Baltic Sea Regional Project
  • ICES on the Baltic Sea Regional Project
  • HELCOM on the Baltic Sea Regional Project
  • World Bank on the Baltic Sea Regional Project
  • GEF on the Baltic Sea Regional Project

The objective of the World Bank–GEF Baltic Sea Regional Project (BSRP) is to increase sustainable biological productivity, improve coastal zone management, and reduce agricultural non-point source pollution through the introduction of ecosystem-based approaches for land, coastal and marine environmental management. The project is based on the Large Marine Ecosystem concept. It will provide support to integrated land, coastal and open sea activities to strengthen the local and regional capacity for achieving sustainable ecosystem management of the Baltic Sea resources. Activities for the project will be undertaken in Estonia, Latvia, Lithuania, Poland and the Russian Federation, along the Baltic coastal areas and in the adjacent coastal and open sea areas. The long-term goal is to provide the three cooperating international bodies in the Baltic Sea Region — HELCOM, the International Baltic Sea Fisheries Commission, IBSFC, and the International Council for the Exploration of the Seas, ICES — and the recipient countries, with management tools for sustainable agricultural, coastal and marine management, while improving social and economic benefits for the farming, coastal and fishing communities.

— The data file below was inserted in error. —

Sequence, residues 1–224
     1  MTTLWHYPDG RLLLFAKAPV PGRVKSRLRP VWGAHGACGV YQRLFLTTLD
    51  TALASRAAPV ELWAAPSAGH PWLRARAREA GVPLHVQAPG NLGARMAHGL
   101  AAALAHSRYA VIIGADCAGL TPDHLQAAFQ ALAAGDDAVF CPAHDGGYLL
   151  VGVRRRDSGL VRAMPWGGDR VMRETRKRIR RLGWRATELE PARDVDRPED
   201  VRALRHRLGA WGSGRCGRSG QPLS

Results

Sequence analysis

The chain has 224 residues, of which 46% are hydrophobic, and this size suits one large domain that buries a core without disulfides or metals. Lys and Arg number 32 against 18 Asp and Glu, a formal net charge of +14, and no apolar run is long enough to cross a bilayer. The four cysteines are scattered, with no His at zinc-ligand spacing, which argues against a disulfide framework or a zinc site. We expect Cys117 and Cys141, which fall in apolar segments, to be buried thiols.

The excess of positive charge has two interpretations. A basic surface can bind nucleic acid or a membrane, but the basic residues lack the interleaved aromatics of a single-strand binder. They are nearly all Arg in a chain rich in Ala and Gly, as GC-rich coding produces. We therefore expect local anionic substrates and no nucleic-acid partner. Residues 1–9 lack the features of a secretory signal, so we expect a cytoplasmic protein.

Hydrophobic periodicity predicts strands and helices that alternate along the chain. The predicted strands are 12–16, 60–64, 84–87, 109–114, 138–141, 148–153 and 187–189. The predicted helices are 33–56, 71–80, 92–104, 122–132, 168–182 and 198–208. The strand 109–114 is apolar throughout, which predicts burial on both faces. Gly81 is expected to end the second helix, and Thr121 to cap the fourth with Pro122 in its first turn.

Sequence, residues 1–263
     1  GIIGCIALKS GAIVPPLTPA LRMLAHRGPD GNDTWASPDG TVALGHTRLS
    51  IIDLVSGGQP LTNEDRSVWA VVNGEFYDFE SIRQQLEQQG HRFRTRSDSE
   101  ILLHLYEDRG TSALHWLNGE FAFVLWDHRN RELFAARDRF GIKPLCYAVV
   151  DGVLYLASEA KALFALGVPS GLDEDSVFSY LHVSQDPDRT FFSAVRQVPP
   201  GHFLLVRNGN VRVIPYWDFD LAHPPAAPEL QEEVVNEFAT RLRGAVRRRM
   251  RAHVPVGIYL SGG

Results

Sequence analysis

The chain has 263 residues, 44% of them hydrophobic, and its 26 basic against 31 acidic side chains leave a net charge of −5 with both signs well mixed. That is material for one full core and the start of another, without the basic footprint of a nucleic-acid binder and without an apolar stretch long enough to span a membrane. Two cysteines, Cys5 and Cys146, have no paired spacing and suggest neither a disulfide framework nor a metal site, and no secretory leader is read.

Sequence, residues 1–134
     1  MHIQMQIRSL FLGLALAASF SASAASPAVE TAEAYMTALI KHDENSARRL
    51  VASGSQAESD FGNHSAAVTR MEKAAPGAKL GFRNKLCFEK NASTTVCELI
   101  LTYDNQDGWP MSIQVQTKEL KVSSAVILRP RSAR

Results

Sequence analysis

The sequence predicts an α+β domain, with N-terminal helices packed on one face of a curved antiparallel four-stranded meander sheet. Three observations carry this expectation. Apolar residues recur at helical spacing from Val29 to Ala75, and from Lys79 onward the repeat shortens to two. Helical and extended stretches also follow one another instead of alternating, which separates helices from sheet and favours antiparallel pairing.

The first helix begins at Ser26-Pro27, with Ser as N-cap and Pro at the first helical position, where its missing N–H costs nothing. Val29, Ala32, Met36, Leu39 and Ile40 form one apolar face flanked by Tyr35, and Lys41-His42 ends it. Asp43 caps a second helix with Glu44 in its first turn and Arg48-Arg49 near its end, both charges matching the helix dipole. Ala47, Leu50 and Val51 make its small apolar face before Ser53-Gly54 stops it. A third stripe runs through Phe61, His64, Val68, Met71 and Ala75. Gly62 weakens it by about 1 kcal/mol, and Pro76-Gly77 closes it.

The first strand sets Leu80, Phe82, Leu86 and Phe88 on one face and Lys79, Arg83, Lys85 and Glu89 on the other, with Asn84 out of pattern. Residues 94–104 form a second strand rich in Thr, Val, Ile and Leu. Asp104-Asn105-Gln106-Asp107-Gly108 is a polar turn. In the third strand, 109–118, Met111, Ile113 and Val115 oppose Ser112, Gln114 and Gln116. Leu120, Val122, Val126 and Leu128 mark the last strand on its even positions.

Baltic Ports Organization